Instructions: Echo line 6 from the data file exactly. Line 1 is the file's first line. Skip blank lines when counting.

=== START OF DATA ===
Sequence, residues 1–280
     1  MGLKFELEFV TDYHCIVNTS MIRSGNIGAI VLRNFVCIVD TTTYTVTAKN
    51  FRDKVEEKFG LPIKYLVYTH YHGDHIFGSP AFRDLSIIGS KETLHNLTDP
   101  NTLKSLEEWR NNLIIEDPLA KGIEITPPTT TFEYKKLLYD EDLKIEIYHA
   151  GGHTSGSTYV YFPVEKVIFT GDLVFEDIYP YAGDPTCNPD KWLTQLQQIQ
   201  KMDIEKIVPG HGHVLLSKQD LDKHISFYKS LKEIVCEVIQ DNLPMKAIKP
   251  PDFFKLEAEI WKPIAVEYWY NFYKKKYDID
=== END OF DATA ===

   201  KMDIEKIVPG HGHVLLSKQD LDKHISFYKS LKEIVCEVIQ DNLPMKAIKP